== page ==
Let Go of Anger and Shame
Rev. Dr. Donna Giver-Johnston
March 31, 2019
Who are you? How would you answer that question?
It depends on who asks it and who we are with, right? We could say our name. Or who we are in relation to others. For example, as a child, I was known as one of the Giver girls--the middle one. When my children were young, I was Rebecca or Christian’s mom. At Shadyside Academy events, I am “Brian’s wife.” When I walk into the ICU, I am known as Pastor.
Who are you? You might say, “I am Don’s wife or I am Pat’s partner or I am Jack’s mother.”
Or you could say what you do. “I am a teacher or a contractor or a physical therapist.”
We define ourselves by our job, that is until we don’t have one. Then who are we?
Who are you? Sometimes this question hits the play button on the tapes in our heads that play back the messages we received as children:
“You’re the wild one.” Or “You’re the responsible one.”
“You’re so pretty and precious.” Or “You’re strong and smart.”
“You should be ashamed of yourself.” Or “You’re a disappointment.”
Who are you? That’s the question that confronts us when we hear our Gospel lesson for today. The parable of the prodigal son is one of the most beloved stories in all of Scripture...or out of it. Yes, we know it well. Almost too well. When we hear those first words, “There was a man who had two sons,” we know where this story is going...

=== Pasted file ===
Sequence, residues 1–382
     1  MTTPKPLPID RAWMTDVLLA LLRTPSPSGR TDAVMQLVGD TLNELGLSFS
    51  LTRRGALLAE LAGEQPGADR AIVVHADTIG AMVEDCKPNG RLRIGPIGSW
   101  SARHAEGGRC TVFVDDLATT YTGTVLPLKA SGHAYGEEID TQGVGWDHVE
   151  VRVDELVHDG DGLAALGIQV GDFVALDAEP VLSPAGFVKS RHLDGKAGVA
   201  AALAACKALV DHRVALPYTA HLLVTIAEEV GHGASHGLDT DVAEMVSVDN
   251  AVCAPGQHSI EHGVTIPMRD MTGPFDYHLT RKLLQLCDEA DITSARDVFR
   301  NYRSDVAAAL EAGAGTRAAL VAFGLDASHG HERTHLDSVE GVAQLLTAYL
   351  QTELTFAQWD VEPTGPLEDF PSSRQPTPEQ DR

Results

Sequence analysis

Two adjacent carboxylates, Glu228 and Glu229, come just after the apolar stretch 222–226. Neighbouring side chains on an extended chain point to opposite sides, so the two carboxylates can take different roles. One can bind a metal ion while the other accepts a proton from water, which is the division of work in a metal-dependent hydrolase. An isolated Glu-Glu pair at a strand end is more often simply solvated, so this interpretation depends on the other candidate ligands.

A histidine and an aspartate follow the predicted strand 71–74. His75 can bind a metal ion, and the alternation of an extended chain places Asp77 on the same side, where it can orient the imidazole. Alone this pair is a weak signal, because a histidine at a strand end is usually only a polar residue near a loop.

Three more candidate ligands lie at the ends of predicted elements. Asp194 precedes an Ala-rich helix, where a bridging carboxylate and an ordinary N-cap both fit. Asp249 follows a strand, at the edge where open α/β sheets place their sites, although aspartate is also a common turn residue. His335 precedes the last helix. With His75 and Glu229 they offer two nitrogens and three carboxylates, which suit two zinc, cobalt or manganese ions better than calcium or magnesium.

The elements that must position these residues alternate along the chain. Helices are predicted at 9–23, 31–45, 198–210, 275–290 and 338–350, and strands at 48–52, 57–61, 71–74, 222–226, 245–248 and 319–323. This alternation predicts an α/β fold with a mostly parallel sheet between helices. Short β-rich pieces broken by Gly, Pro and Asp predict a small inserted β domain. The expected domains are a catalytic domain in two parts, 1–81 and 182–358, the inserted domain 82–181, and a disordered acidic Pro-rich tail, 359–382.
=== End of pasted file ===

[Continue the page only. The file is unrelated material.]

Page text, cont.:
The younger son asks his father for his share of his future inheritance. The son leaves home for a distant country and squanders his money in dissolute living.
When the son comes into difficulty, he becomes a servant. Working with pigs is bad enough as a Jew, but eating from their trough because he was starving is shameful.
The son “came to himself” and decided to go home again to ask for forgiveness and to work for his father.
The father sees the son coming, and he “runs” to meet him, embracing him even before the son can say he is sorry. The father throws a “welcome home party” for him.
The father leaves the party and goes to find his other son. He pleads with him to join the celebration, but the older son is angry that his reckless brother is treated royally.
But, like a treasured book or movie, we never get tired of hearing the ending.
Iconic last lines of books include:
Charles Dickens ends A Christmas Carol with “And so, as Tiny Tim observed, God bless Us, Every One!”
Maragaret Mitchell ends Gone With the Wind with “After all, tomorrow is another day.”
George Orwell ends Nineteen Eighty-Four with “He loved Big Brother.”
Jesus ends the Parable of the Prodigal Son with “Then the father said to him, ‘Son, you are always with me, and all that is mine is yours. But we had to celebrate and rejoice, because this brother of yours was dead and has come to life; he was lost and has been found.’”
It’s a powerful story in which the father that Jesus portrays acts out the grace and love and compassion of God. That’s clear. And what is also clear is where we find ourselves in the story. We can relate to the older brother who stayed home and took responsibility for keeping up the farm, and is angry with his younger brother for wasting his inheritance and has come home expecting to be welcomed with open arms. He is angry with his father who is doing just that.